Main content

Title: John James Murphy to Martin Murphy, 26 October 1864
CollectionArgentina - Murphy
SenderMurphy, John James
Sender Gendermale
Sender Occupationcattle breeder
Sender Religionunknown
OriginBuenos Aires, Argentina
DestinationHaysland, Co. Wexford, Ireland
RecipientMurphy, Martin
Recipient Gendermale
Doc. No.
Partial Date
Doc. Type
Word Count1783
Genreproperty, new arrivals, gifts, request for a carpenter, local economy, emigration
Transcript[Separate Note]
Dear Brother,
I have had the misfortune of leaving getting out the Bill until today and I have been sadly disappointed in founding that the Bank have sell bills on the day of the packet sailing, so I now cannot send it until the English Mail leave here, which sail be on 27th this month.
J. Murphy

Buenos Aires, 26th October, 1864
My Dear Friends,

I received your kind letters the last of September 6, the others not reaching me in time as also not containing the particulars of when the passengers were to leave L-pool caused me not to be in Bs. As. to receive them at their landing. However these were circumstances that could not be advised neither have they caused any serious inconvenience to me or them or to the articles entrusted to their charge.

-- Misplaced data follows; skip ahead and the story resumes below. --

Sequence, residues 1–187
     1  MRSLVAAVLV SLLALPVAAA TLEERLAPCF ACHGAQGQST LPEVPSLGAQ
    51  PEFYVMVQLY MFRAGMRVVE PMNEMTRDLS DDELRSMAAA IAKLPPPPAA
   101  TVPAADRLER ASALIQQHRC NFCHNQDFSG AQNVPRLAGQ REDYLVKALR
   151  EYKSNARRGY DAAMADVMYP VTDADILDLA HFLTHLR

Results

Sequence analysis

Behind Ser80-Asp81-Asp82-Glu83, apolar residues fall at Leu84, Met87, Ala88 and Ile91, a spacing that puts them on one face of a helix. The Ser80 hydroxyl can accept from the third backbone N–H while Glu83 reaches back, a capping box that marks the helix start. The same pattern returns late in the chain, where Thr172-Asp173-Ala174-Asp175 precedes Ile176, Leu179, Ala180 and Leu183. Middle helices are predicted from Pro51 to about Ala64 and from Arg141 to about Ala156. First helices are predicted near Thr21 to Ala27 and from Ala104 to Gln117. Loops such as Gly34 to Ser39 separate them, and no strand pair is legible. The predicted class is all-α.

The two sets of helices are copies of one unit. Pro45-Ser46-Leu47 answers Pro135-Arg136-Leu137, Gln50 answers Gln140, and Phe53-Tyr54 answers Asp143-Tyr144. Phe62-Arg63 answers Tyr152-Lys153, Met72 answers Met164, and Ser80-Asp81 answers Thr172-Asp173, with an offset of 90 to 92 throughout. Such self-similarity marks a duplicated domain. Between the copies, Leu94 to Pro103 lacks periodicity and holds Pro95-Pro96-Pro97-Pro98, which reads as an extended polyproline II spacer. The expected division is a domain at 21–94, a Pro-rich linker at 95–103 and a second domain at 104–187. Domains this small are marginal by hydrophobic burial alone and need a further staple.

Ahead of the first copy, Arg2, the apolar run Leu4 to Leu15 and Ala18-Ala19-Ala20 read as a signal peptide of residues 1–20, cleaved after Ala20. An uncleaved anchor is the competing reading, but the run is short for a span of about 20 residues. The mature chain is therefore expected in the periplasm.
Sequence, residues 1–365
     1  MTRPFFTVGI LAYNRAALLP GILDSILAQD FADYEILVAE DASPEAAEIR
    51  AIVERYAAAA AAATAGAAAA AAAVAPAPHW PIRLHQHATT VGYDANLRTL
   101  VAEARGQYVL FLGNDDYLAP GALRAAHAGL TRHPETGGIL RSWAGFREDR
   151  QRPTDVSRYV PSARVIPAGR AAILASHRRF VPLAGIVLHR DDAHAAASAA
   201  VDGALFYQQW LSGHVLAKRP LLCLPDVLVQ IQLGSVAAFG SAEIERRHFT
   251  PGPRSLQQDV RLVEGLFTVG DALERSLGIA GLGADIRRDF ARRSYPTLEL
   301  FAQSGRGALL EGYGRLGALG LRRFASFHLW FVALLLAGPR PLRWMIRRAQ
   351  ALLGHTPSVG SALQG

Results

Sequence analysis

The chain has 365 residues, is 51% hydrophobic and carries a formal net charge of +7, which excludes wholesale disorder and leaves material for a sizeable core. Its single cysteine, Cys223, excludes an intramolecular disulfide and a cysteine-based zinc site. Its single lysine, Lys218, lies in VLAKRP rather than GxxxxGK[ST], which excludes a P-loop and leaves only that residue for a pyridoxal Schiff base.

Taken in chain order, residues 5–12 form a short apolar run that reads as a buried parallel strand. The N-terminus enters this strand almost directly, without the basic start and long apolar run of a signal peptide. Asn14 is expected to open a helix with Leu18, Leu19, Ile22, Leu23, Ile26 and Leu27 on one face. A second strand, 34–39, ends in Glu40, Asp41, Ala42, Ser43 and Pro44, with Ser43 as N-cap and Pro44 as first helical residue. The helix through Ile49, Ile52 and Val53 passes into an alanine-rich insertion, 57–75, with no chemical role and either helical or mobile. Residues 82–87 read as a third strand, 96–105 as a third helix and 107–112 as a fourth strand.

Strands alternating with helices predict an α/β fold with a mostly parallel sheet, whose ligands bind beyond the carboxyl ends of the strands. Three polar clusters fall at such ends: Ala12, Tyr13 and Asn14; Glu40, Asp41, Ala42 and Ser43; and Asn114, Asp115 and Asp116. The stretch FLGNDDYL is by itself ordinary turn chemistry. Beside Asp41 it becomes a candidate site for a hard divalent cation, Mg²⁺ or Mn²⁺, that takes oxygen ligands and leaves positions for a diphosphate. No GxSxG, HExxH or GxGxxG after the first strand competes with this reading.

Dear Friends, for my experience in this country for I may say this last twenty years I've never saw as good a year as this. The state of the camp and sheep cannot be exceeded and I am happy to inform you that Bella Vista enjoys its share of these two great blessings. I have sold 674 capones at $55 each and expect to sell more after shearing, which we have already commenced at William's, and will afterwards at ours when finished there. The buying of this last land will be a heavy pull on me I did not expect it to have come to so much I did not see the place when I bought it I knew the land from character but there turned out a great deal more value on the place than I expected to find on it, and that I had to take at valuation through it's cheap at the price. Yet there are a great many things on it that I could have done without for some time. It stand me now $300,000 for the league and a half of land worth all that's on it. That is now £2,100. That amount is only for the interest of the late owner and I have yet to buy it from the Government, for which there is a project before the Senate now setting to make the law so as to compel all persons that occupy land in this way to purchase it and make real property of it. The price the Government has put on these land according to the project above mentioned is $250,000 per league, which for the 1½ league I hold will stand me $375,000 dollars, with the 300,000 dollars already paid for the interest of it will amount to $675,000 or about £4,700. But the terms of the Government are very moderate. You pay at the time of purchase ¼ of the amount and ¼ every succeeding year until the sum is all paid. But for the time you get to make those payments you have to pay interest at the rate of 6 per cent, amount which is very moderate in this country. I intend to send five or six flocks onto it next March, so as to make it pay for itself very quick. I have taken a mortgage out on Uncalito of £2,500 that I will pay the most of after shearing and in less than three years I hope to have all clear and some to spare.